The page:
I am a prolific and sophisticated coder and a tenacious solver of problems. As a system architect, I favor rationalism slightly over pragmatism but am not given to "academic" excesses of complexity. On the other side of the equation, I am unafraid of getting my elbows greasy learning the inner workings of other architects' systems — and with any luck, typically learn something worthwhile in the process.
I enjoy working with people who care about what they are doing but still have fun doing it. I am scrupulous about returning the good energy I receive from my colleagues and community with a generous percentage of interest and find active contribution to such a community to be very gratifying.
- PHP (4.3 through 5.3) — 7 years
- C# - 2.5 years, including MVC3 and Entity Framework as well as some traditional ASP.NET web application development.
- C/C++ - 7 years, primarily writing thick clients and device drivers for Windows 95 and later.
- SQL in a variety of incarnations (MySQL, SQL Server) - 8 years, including management of clustered MySQL servers in a high-load environment
- CSS - 5 years, with increasing appreciation. CSS3 is fabulous!
- Successfully managed a very busy tech support desk serving thousands of active clients.
- Managed a 5-7 person development team through a process of incremental product upscaling over the course of 4 years.
- Developed extensive and harmonious cross-department relations: marketing, product development, sales, and accounting.
- Recent CentOS and Debian distros
- Cygwin on Windows (for the bash shell if nothing else)
- Comprehensive MySQL admin from 4 onward, including experience with replication
- OSX, including surprisingly pleasant development environments in MAMP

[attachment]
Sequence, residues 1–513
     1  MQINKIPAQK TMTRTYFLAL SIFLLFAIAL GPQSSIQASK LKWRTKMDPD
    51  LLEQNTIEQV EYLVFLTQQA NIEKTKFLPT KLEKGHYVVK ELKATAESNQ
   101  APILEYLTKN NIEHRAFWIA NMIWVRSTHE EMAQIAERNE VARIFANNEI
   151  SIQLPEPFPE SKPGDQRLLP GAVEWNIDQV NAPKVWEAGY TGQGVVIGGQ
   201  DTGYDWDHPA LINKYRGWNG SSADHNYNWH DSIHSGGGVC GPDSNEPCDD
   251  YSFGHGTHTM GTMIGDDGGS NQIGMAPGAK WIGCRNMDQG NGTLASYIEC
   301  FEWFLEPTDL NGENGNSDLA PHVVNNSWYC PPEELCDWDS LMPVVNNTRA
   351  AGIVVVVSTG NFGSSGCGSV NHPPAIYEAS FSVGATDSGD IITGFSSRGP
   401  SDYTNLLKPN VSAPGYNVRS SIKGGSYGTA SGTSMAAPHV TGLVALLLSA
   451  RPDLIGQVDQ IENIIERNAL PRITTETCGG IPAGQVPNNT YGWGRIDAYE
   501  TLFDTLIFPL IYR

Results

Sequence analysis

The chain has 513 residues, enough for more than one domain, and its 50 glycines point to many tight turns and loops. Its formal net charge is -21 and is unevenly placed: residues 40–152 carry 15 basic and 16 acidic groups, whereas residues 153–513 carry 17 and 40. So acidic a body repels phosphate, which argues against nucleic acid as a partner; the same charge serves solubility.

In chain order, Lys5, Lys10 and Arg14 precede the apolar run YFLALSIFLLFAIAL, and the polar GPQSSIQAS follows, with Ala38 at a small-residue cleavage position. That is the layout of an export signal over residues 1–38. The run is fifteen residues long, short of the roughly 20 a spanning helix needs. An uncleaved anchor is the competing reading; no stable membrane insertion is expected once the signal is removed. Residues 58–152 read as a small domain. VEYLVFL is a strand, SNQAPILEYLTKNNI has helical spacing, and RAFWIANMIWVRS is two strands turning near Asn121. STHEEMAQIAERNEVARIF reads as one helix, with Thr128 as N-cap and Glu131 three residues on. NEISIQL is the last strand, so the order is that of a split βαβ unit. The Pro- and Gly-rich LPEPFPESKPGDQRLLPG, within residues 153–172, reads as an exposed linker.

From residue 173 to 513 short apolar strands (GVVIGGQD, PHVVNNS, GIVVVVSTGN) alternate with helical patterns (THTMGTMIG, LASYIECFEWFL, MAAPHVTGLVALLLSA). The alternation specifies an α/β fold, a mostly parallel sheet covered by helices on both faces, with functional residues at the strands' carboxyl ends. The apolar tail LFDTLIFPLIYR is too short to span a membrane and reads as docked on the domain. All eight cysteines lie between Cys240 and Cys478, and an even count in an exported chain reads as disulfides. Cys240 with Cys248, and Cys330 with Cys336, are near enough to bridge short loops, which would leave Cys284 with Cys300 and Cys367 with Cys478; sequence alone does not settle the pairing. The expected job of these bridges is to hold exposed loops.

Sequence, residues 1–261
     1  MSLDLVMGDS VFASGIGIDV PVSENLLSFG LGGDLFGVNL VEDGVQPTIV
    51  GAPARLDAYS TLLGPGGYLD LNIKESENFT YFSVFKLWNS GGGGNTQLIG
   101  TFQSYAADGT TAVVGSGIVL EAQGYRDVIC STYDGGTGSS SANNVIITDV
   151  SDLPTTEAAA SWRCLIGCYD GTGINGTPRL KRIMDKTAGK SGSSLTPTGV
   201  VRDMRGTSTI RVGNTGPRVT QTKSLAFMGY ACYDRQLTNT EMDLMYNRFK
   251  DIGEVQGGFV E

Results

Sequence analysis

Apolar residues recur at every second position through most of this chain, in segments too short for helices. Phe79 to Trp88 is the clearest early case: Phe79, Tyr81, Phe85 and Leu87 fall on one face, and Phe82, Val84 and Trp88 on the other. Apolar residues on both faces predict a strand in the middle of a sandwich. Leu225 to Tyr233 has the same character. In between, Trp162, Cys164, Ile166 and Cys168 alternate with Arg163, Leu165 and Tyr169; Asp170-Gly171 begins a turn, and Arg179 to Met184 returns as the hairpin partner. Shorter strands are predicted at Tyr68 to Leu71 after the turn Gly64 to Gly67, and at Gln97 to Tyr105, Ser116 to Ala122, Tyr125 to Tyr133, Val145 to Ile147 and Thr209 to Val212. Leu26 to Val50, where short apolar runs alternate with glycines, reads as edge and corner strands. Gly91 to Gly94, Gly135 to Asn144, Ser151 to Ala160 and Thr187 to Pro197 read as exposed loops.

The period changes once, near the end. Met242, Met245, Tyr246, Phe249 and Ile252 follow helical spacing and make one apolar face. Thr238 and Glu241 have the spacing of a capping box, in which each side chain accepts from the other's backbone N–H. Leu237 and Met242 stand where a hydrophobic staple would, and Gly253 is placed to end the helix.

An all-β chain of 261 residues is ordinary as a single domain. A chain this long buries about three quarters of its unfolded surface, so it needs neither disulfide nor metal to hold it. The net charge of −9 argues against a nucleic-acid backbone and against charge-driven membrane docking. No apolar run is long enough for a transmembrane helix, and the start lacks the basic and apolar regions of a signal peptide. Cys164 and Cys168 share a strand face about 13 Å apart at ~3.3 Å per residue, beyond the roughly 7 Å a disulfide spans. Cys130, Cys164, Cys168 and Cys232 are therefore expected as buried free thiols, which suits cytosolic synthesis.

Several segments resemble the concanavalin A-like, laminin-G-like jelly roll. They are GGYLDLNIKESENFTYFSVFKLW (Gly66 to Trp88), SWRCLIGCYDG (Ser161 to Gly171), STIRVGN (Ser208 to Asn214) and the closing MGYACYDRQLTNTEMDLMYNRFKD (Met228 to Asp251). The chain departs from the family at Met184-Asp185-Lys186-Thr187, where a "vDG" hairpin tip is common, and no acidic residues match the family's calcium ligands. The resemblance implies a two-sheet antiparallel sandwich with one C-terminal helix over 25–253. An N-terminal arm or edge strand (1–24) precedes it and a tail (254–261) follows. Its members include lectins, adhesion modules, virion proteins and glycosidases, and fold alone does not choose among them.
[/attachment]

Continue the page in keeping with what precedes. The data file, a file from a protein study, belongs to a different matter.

- Windows from 3.1 to 7, and looking hesitantly forward to 8.
- DOS, of course -- particularly archaic versions
- Rails — because any language or framework that can produce such a strong contrast of opinions deserves to be investigated.
- ActionScript — because I have always wanted to write one of those Flash-based games that everyone wastes so much time on.
- Drupal - mostly 7.x with intermittent 6.x projects, and including experience with both DrupalCommerce and Ubercart (as of 2012, I still prefer Ubercart)
- Symfony, mostly 1.1 with a bit of 2.0 thrown in
- Some work with ZEND Framework
- Wordpress, including theming and plugin development.
- PrinceXML - a utility for generating very high-quality PDF documents from CSS3/HTML
- Excel/OpenOffice Calc - expert level
- Word/OpenOffice Writer - expert level
- Adobe Photoshop/GIMP
Cranberry, Inc. 2010-2011. Cranberry is an umbrella company that contains or contained an art gallery (fairhavenoriginalsgallery.com), a redirection service (trafficshaping.com), a rapid prototyping business (tangibleexpress.com), a social media/SEO-power profiling directory (profileponds.com), and a number of other startups. My role there has been very generalized, including database and server management and software development under several platforms.
PRWeb.com/Vocus: 2005-2010. This position demanded a great degree of adaptability and improvisation. In 2006, PRWeb was acquired by publicly traded Vocus (VOCS). In 2007, my supervisor departed the company and I undertook to fill his shoes. I personally dealt with financial records, financial controls, and Sarbanes-Oxley compliance with our controller while overseeing the first in a series of major hardware upgrades. The last of these upgrades, involving a complete transition from LAMP to .NET, was still underway when I left but has since been successfully completed. We also completely rebranded our product — twice. The first of these rebrands involved shifting from a dominantly table-based layout to a CSS 2.0-driven layout.
Secondary Education: 2001-2003. After a few years picking up classes and a 2 year degree at a local community college, I finally went to UW seeking entrance to their Computer Science degree — and was rebuffed. I found a temporary home in the humanities instead -- specifically, the Comparative History of Ideas program.
Ballard Synergy, Inc: 1995-2001. Though I started as a tester, I wasted no time getting my hands into the code back in the hey-day before the dotcom crash. I wrote device drivers in assembly and straight C, developed thick clients for utility software with a mostly Japanese market (before rapidly escalating hardware made software acceleration largely superfluous), and developed a deep and abiding love for object oriented design. This company changed its name three times but survived the dotcom crash, and is still doing business in Poulsbo, WA as eAcceleration Corporation.